Credit Default Swaps in the crosshairs
What’s at stake: The recent difficulty faced by Greece in rolling over its national debt has let some to blame hedge fund involvement in the market for credit default swaps. These contracts can be used to insure bondholders against the risk of default, but when purchased naked (without holding the underlying bonds), they can serve as highly leveraged […]
What’s at stake: The recent difficulty faced by Greece in rolling over its national debt has let some to blame hedge fund involvement in the market for credit default swaps. These contracts can be used to insure bondholders against the risk of default, but when purchased naked (without holding the underlying bonds), they can serve as highly leveraged speculative bets on a rise in the cost of borrowing faced by the sovereign states. Leaders of the G20 group of countries will consider a European initiative to crack down on speculative activity in derivatives trading, George Papandreou, Greek prime minister, said in Washington on Tuesday. Mr Papandreou was speaking after a meeting with Barack Obama where he outlined the initiative planned jointly with France, Germany and Luxembourg.
Wolfgang Münchau writes that a generalised ban on so-called naked CDSs should be a no-brainer. A naked CDS purchase means that you take out insurance on bonds without actually owning them. But a universally accepted aspect of insurance regulation is that you can only insure what you actually own. Technically, CDS are not classified as insurance but as swaps, because they involve an exchange of cash flows. The CDS lobby makes much of those technical characteristics in its defence of the status quo. But this is misleading. Even a traditional insurance contract can be viewed as a swap, as it involves an exchange of cash flows. But nobody in their right mind would use the swap-like characteristics of an insurance contract as an excuse not to regulate the insurance industry. The fact that, unlike insurance, CDSs are tradeable contracts does not change the fundamental economic rationale.
Felix Salmon writes that a liquid CDS market is a great way of enabling countries to access the primary markets even when the secondary markets are full of uncertainty and turmoil. There are lots of very good fundamental reasons why people might want to buy credit protection on Greece without owning underlying bonds. Maybe you are or will be owed money by an arm of the Greek government. Maybe you have businesses in Greece, and are worried that in the event of a default you won’t be able to repatriate your profits there. Maybe you intend to enter into a contract with a Greek company who you trust and understand, but want to hedge sovereign risk which is out of that company’s control. These are not “purely speculative gambles”, they’re ways of facilitating capital flows into Greece. And one of the big problems with debt markets is that, especially during times of stress, they become very illiquid.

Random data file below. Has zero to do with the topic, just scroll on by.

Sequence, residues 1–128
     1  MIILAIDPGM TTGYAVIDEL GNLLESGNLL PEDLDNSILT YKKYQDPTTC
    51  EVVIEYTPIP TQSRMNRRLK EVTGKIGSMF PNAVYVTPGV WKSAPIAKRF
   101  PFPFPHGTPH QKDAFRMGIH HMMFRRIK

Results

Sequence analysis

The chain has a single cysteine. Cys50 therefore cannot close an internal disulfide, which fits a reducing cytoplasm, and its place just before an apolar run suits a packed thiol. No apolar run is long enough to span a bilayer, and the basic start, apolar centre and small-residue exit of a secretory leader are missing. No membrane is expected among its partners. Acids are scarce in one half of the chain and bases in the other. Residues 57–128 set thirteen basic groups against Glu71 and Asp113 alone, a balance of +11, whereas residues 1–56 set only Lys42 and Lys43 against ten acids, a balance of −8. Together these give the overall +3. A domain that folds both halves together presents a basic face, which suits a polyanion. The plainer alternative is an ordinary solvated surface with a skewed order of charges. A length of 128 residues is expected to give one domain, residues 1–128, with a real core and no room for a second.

Rajiv Sethi argues that expectations of default can become self-fulfilling even when solvency would not be a concern if expectations were less pessimistic. Any entity that faces a maturity mismatch between its expected revenues and debt obligations anticipates having to roll over its debt periodically. Such an entity could be solvent and yet face a run on its liquid assets if investors are sufficiently pessimistic about its ability to refinance its debt. More importantly, it may face a present value reversal if the rate of interest that it must pay to borrow rises too much. In this case expectations of default can become self-fulfilling. This is the case for state and local governments in the US, as well as individual countries in the eurozone that do not have the capacity to issue fiat money. The main "assets" held by such entities are claims on future tax revenues, which are obviously not marketable. In this case, expectations of default can become self-fulfilling even when solvency would not be a concern if expectations were less pessimistic. And as John Geanakoplos notes CDS contracts allow pessimists to leverage much more than they could if they were to short bonds instead. The resulting increase in the cost of borrowing, which will rise in tandem with higher CDS spreads, can make the difference between solvency and insolvency. And recognition of this process can tempt those who are not otherwise pessimistic to bet on default, as long as they are confident that enough of their peers will also do so. This clearly creates an incentive for coordinated manipulation.
Leigh Caldwell questions the feasibility of banning naked credit default swaps. The proposal of banning naked CDS, while eliminating a form of moral hazard, would probably also eliminate the whole CDS market. You could just say that people shouldn’t sell bonds if they are going to take out a CDS on them. But remember that the whole point of bonds is that they can be sold: if I were planning to hold a bond forever, there are other ways to invest money and get a better return. Robert Waldmann on the other hand argued in a 2008 post that it is trivially easy to do so.
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